Map and Territory: new work by Madeleine Boucher, Robynne Heymans, Jacqui LeBoutillier, and Sarah Toth
Opening March 24, 2017 at Shoestring Studio
Also opening March 24: “Too Late: The European Cannon Is Here” at Shoestring Press
Shoestring Studio is proud to present an exhibition of maps, charting both imagined space and fragmented, distorted real geography.
Privatize the Dream: Project Statement
To us grandchildren of the moon landing, who grew up with dreams of becoming astronauts, the new wave of privately financed space travel is both thrilling and troubling. When riding a rocket becomes an experience you can pay for rather than an honor earned through virtue, will we dream of wealth in place of excellence? Will we still imagine of ourselves as a community joined to aim at the stars? Taking the form of a quilt of hand-dyed, printed, and painted felt, Privatize the Dream draws on legends of the space race, the snuggly tangibility of warm and welcoming sheets, and the anxieties of nationalism, charismatic capitalism, and the lure of the void to provoke a layered reflection on the future of our aspirations and the nation we’ve imagined ourselves to be. What happens when we sell the stuff of our dreams?
The Forgotten Borough: Project Statement
"This data-driven process reduces the site to a mound of little facts that say almost nothing about the character, mood, or quality of the site."
—Thomas Rainer and Claudia West. “Planting in a Post-Wild World.” 2015
Maps are misleading, overly reductive, particularly when it comes to cities. This series tests this idea by compiling publicly available geospatial data into a collection of dense maps, drawings, and models in the hope to reveal urban complexity. Illegible, hardly recognizable, the results question the limits of mapping and data. Viewing data at a single projection or scale does not truly reveal the character or complexity of place. Staten Island, “The Forgotten Borough,” is a prime example of how reliance on planar representation can distort how community, ecology, and infrastructure interact on the ground.
About the Artists
Madeleine Brehm Boucher is a printmaker and multi-media artist working in Brooklyn, and a founding member of Shoestring Press. Her academic background in Chinese Buddhist art of the medieval period and current work on the big data of contemporary art parallel (or perhaps, propel) her artistic interests. She explores images with sacred resonance through digital-era technologies using stubbornly analog techniques—personal icons from dreams; cosmological maps refracted through Google Earth.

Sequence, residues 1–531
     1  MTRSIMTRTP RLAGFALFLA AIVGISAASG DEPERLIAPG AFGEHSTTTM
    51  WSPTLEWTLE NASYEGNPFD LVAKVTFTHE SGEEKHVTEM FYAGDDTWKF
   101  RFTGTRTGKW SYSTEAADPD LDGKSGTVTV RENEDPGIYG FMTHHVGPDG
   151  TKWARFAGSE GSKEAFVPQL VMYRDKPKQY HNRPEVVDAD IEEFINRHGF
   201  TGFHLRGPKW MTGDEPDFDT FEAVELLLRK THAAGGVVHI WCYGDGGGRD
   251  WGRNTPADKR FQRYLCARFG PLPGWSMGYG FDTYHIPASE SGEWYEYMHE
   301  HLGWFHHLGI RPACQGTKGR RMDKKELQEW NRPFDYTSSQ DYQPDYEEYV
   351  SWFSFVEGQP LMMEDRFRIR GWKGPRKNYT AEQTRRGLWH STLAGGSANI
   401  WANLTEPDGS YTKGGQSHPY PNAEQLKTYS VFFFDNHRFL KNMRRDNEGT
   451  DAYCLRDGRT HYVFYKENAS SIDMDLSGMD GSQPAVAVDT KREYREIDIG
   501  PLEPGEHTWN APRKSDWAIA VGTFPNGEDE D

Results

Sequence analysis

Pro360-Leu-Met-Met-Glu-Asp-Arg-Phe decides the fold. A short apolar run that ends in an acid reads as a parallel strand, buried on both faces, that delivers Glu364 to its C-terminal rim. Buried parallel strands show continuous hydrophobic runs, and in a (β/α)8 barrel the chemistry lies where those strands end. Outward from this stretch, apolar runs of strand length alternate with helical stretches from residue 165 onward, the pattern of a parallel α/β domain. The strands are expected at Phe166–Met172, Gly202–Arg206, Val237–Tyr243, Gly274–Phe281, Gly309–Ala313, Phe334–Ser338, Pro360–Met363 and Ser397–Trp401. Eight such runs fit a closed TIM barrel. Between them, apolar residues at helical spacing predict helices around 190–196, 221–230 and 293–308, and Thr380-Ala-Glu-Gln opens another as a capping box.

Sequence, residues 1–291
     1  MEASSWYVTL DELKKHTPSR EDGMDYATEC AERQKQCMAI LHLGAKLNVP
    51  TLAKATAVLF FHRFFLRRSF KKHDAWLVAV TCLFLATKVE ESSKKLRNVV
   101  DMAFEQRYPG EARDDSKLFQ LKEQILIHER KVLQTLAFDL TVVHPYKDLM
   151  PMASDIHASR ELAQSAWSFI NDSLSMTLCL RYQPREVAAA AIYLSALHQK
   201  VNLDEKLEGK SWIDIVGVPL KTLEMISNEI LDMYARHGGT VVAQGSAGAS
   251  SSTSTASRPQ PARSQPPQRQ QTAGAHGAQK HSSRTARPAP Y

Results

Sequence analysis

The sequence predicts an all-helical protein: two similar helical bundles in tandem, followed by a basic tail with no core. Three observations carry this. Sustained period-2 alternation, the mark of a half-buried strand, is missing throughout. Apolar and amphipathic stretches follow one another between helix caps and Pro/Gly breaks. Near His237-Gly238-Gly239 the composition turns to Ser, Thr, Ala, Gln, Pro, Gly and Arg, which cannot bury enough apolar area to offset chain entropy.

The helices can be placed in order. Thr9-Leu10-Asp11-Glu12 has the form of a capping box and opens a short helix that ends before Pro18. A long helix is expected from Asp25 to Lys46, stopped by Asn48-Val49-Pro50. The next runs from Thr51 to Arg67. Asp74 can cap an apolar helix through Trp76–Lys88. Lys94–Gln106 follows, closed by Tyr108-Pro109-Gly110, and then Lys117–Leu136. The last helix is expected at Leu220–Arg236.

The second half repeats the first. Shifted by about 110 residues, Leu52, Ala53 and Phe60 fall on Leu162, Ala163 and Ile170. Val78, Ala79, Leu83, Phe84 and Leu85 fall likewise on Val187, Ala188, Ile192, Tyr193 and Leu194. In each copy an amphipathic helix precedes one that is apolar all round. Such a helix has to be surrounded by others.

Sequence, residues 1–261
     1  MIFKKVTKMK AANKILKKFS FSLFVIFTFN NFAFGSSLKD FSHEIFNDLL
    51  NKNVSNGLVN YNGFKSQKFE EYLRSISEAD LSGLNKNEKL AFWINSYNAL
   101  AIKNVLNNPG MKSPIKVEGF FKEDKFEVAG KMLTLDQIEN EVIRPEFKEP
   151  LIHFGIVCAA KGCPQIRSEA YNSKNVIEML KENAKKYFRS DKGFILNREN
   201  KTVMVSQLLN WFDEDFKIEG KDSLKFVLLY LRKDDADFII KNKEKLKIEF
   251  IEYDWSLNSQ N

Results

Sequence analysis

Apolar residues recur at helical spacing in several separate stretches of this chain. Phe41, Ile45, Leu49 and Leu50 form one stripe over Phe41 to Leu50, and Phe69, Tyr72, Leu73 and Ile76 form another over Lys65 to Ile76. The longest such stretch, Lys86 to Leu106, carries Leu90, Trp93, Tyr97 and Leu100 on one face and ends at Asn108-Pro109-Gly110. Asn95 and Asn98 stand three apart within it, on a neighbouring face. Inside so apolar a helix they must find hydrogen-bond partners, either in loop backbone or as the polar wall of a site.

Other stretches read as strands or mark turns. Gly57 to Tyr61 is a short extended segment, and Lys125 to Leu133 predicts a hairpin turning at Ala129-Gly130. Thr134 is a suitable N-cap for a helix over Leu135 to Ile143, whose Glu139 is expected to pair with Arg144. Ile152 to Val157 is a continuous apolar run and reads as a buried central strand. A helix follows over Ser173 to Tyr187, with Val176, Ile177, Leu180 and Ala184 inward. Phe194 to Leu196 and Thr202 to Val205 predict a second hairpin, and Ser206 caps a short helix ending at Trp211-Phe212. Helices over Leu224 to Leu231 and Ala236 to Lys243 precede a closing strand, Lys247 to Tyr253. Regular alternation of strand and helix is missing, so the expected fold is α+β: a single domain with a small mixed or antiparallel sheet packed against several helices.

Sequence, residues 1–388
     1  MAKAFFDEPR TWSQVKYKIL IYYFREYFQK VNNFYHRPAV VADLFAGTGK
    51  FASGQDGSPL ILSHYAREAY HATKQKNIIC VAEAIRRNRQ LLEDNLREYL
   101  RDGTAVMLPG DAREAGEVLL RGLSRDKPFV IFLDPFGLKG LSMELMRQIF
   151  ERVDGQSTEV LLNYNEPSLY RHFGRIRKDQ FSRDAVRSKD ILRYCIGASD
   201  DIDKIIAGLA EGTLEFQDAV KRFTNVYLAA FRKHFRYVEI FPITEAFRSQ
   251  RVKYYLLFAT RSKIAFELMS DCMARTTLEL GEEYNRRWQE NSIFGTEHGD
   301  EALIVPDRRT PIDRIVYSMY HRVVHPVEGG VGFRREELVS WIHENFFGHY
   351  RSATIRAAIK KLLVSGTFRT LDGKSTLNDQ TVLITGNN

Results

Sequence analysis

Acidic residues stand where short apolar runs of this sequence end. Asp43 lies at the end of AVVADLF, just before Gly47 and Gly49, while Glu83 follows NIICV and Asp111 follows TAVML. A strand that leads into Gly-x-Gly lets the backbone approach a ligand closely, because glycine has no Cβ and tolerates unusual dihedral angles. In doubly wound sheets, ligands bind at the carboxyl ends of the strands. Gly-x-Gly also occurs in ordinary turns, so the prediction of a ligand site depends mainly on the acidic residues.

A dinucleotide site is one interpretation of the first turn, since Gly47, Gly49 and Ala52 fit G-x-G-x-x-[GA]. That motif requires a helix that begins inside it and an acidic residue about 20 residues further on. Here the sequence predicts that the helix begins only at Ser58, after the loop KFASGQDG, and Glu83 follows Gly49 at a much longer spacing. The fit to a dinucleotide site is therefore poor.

Robynne Heymans is a Masters of Landscape Architecture Candidate at City College of New York. She is interested in landscape; built, wild, forgotten, massive and micro. Fascinated by the influence of the biologic, geologic and anthropologic actors that synthesize to compose the way we move over the earth. Through mapping she hopes to explore the dynamic of data represented and data interpreted. She has been designing and building public and private biotopes for six years. Major influences include Piet Oudolf, John Cage and the Texas hill country. She was born in South Africa, raised in Texas, and currently lives in Brooklyn.
Jacqui LeBoutillier is a landscape architecture student at The City College of New York interested in reimagining the future of cities through the lens of ecology and engaging public interest in stewardship and environmental justice issues through compelling design. She has a background in studio arts and art history, with much of her personal creative practice concerned with realizing imagined, internal landscapes. She is cautiously optimistic about the future of cities.
Sarah Toth is a second year Master of Landscape Architecture candidate at City College's Spitzer School of Architecture. She finds post-industrial landscapes to be compelling in their complexity and challenging in their intersection with the public realm. Her interest in urban systems is complemented by the urge to explore novel and native environments. Last summer she discovered the immensity of the Pacific Northwest's temperate coastal rainforest as a volunteer WOOFer.